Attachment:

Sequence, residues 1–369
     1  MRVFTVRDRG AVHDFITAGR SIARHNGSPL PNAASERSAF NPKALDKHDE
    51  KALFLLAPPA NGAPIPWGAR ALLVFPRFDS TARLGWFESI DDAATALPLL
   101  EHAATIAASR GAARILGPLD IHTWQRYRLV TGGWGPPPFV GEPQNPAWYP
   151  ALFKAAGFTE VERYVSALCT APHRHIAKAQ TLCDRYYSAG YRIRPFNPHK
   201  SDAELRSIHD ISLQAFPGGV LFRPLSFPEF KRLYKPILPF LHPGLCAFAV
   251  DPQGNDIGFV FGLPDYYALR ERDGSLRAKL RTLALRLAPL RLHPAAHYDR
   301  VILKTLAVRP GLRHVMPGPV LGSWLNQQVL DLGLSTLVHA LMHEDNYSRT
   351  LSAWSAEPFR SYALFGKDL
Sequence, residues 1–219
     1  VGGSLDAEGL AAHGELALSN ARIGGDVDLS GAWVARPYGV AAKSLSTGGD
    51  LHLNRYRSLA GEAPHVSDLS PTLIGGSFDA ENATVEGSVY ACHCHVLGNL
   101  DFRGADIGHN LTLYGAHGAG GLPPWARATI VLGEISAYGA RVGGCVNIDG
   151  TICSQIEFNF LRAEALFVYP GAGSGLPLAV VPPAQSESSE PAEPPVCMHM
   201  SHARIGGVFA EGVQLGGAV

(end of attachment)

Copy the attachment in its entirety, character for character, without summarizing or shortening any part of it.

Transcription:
Sequence, residues 1–369
     1  MRVFTVRDRG AVHDFITAGR SIARHNGSPL PNAASERSAF NPKALDKHDE
    51  KALFLLAPPA NGAPIPWGAR ALLVFPRFDS TARLGWFESI DDAATALPLL
   101  EHAATIAASR GAARILGPLD IHTWQRYRLV TGGWGPPPFV GEPQNPAWYP
   151  ALFKAAGFTE VERYVSALCT APHRHIAKAQ TLCDRYYSAG YRIRPFNPHK
   201  SDAELRSIHD ISLQAFPGGV LFRPLSFPEF KRLYKPILPF LHPGLCAFAV
   251  DPQGNDIGFV FGLPDYYALR ERDGSLRAKL RTLALRLAPL RLHPAAHYDR
   301  VILKTLAVRP GLRHVMPGPV LGSWLNQQVL DLGLSTLVHA LMHEDNYSRT
   351  LSAWSAEPFR SYALFGKDL
Sequence, residues 1–219
     1  VGGSLDAEGL AAHGELALSN ARIGGDVDLS GAWVARPYGV AAKSLSTGGD
    51  LHLNRYRSLA GEAPHVSDLS PTLIGGSFDA ENATVEGSVY ACHCHVLGNL
   101  DFRGADIGHN LTLYGAHGAG GLPPWARATI VLGEISAYGA RVGGCVNIDG
   151  TICSQIEFNF LRAEALFVYP GAGSGLPLAV VPPAQSESSE PAEPPVCMHM
   201  SHARIGGVFA EGVQLGGAV